financial knowledge and abundant experience.                    Sony Life’s needs-based marketing approach. These
       Lifeplanner ® sales employees and Partners seek to           include a subprogram to acquire basic Lifeplanner®
    become customers’ exclusive providers of insurance              skills and another covering joint activities, in which
    and financial services, or their “own agents,” in build-        Lifeplanner® sales employees visit customers together
    ing strong relationships of trust and helping them              with their sales office managers.
    fulfill their lifelong dreams. Even after signing the initial
    insurance agreement, Lifeplanner ® sales employees              ● Partner Training Program (PTP) for Partners
    and Partners regularly review the content of coverage           This program is designed to help Partners succeed
    according to the customer’s changing lifestyle. We              in the life insurance business. In the program, Part-
    also offer peace of mind in the form of comprehen-              ners learn about our products and needs-based
    sive follow-up services, including swift payment of             sales approaches derived from expertise we have
    hospitalization benefits and claims when unforeseen             accumulated over the years.
    events occur.
Enhancing Education for Managers                               MDRT Sony Chapter
Our branch managers, sales office managers and                 The MDRT Sony Chapter comprises Lifeplanner®
other managers who oversee sales staff have an                 sales employees and Partners of Sony Life who have
important responsibility to carefully nurture selected         become MDRT members. The chapter holds training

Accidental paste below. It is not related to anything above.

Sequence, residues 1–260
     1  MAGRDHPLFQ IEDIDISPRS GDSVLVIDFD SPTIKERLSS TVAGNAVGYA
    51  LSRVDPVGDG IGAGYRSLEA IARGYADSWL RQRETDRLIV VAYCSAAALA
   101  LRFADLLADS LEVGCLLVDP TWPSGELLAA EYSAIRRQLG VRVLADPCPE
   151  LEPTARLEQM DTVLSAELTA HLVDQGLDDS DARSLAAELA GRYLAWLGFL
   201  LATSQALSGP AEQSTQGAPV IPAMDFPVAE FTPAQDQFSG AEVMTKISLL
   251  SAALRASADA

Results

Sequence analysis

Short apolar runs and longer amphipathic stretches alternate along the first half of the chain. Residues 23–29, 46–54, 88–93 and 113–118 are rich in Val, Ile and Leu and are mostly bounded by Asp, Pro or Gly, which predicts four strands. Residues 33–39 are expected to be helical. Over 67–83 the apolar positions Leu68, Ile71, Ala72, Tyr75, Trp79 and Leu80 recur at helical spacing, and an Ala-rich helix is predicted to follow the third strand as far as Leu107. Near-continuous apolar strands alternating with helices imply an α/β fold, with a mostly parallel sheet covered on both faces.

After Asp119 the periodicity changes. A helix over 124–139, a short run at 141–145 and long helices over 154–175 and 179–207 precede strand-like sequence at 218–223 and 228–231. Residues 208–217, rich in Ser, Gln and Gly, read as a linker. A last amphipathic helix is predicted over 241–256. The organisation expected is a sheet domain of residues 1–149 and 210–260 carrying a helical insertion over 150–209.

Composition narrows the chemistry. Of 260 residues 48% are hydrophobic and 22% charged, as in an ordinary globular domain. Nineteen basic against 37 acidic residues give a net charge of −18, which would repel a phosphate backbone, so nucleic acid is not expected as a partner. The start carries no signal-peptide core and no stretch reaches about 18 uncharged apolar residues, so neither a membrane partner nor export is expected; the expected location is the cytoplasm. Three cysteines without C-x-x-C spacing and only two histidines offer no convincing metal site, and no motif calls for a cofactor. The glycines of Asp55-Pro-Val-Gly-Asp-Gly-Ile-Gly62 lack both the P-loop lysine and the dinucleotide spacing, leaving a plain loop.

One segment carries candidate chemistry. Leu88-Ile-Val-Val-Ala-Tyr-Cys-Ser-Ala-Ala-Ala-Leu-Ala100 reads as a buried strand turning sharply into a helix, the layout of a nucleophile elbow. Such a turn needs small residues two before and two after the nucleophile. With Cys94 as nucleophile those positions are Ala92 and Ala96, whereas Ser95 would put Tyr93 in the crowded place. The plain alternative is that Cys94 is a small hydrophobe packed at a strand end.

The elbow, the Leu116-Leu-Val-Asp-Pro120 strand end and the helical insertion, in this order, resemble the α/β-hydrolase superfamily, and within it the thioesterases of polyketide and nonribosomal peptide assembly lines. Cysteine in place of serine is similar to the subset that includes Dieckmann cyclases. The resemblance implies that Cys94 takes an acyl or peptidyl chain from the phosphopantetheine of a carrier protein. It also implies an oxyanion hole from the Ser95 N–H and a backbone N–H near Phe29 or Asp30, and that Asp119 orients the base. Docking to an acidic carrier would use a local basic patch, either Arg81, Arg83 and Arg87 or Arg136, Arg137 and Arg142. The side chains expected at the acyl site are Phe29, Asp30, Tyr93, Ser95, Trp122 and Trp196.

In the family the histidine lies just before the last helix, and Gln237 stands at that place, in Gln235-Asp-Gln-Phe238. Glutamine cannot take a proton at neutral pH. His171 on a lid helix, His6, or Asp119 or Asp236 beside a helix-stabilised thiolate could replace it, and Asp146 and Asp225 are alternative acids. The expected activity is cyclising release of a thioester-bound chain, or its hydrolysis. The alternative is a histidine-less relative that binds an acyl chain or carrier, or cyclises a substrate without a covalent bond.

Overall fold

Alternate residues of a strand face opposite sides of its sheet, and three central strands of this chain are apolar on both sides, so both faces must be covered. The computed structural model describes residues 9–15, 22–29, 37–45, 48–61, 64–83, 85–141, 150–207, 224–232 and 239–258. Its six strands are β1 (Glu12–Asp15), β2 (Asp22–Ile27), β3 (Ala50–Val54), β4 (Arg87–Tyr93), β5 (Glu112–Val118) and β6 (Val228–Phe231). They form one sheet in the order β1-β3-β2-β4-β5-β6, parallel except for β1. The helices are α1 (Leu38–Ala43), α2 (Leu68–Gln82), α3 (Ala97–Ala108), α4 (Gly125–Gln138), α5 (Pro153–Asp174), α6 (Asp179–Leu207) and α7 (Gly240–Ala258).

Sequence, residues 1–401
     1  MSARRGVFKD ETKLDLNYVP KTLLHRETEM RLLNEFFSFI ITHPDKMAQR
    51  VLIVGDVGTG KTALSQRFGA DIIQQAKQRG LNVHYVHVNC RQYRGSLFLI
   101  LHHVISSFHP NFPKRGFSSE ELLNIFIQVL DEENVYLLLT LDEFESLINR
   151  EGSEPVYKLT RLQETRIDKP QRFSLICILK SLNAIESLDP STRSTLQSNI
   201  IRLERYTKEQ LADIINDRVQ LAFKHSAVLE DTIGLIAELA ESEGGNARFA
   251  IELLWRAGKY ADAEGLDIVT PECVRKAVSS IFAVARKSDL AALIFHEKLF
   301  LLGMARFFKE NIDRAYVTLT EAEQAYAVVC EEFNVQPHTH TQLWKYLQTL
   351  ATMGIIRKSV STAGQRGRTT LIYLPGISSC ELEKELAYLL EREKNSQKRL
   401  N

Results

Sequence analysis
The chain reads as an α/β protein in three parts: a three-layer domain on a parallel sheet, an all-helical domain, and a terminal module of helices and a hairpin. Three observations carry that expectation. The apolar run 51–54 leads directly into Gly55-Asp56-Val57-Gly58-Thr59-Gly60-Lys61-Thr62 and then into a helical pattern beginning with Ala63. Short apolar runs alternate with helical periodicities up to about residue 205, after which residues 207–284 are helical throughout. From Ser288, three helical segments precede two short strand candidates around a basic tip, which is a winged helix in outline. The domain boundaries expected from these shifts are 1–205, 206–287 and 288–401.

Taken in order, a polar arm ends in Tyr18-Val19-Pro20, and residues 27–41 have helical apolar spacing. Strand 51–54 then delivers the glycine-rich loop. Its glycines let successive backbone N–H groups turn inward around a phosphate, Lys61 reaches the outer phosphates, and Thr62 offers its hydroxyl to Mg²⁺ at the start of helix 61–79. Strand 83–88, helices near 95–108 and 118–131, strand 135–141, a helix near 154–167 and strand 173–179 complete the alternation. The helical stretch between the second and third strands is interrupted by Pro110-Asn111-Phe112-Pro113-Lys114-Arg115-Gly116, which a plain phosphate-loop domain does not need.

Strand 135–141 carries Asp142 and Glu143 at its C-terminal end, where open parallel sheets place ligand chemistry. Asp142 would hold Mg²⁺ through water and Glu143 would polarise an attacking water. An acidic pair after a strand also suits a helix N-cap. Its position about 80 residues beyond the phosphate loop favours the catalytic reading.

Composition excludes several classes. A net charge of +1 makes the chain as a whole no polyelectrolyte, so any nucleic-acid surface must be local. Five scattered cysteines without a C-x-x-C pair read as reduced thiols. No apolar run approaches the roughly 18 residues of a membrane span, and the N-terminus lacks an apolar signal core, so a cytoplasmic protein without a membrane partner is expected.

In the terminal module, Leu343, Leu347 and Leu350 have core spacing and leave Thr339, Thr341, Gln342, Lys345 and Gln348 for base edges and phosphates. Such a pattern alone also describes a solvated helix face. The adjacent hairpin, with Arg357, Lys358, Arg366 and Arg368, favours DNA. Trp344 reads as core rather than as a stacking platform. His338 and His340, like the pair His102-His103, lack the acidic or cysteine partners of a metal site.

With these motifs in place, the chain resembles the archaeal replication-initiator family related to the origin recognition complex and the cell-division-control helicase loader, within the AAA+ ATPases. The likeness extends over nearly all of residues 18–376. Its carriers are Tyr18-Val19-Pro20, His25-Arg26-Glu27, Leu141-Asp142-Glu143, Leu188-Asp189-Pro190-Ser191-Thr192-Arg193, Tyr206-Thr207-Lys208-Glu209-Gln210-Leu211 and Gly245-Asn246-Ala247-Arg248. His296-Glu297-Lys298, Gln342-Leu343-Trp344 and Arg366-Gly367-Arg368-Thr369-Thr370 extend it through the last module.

individuals into Lifeplanner® sales employees. To help         sessions several times a year to exchange the latest
managers fulfill this responsibility, Sony Life continues      information and build their skills, with the aim of pro-
to upgrade its educational system, which includes              viding top-quality consulting and other services to
training to deepen understanding of the essence                customers. Chapter members, representing our most
of life insurance, develop character and acquire               successful Lifeplanner ® sales employees and Partners,
leadership skills.                                             also promote various volunteer activities, demonstrating
                                                               their passion as conveyors of the MDRT spirit.
● Sony Life Academy
The Company opened its Sony Life Academy in fiscal
2003 to train its branch general managers and the
heads of its independent Agency Sales Division, as
well as its head office general managers. After one
year of basic training, followed by ongoing coursework,
participants emerge as accomplished life insurance
professionals with the guidance and leadership skills
required of effective managers.

     Four Pillars of Sony Life Academy Education

 ● Acquire knowledge, beliefs and convictions worthy of life
   insurance professionals                                     MDRT ® Sony Chapter training                               9
 ● Help people convey the business and sales philosophies      (Fukuoka, April 2006)
   of Sony Life to others
 ● Train people to acquire management skills
                                                               ● Japan Association of Insurance and Financial
 ● Help people hone their sensitivities as human beings
                                                                  Advisors (JAIFA)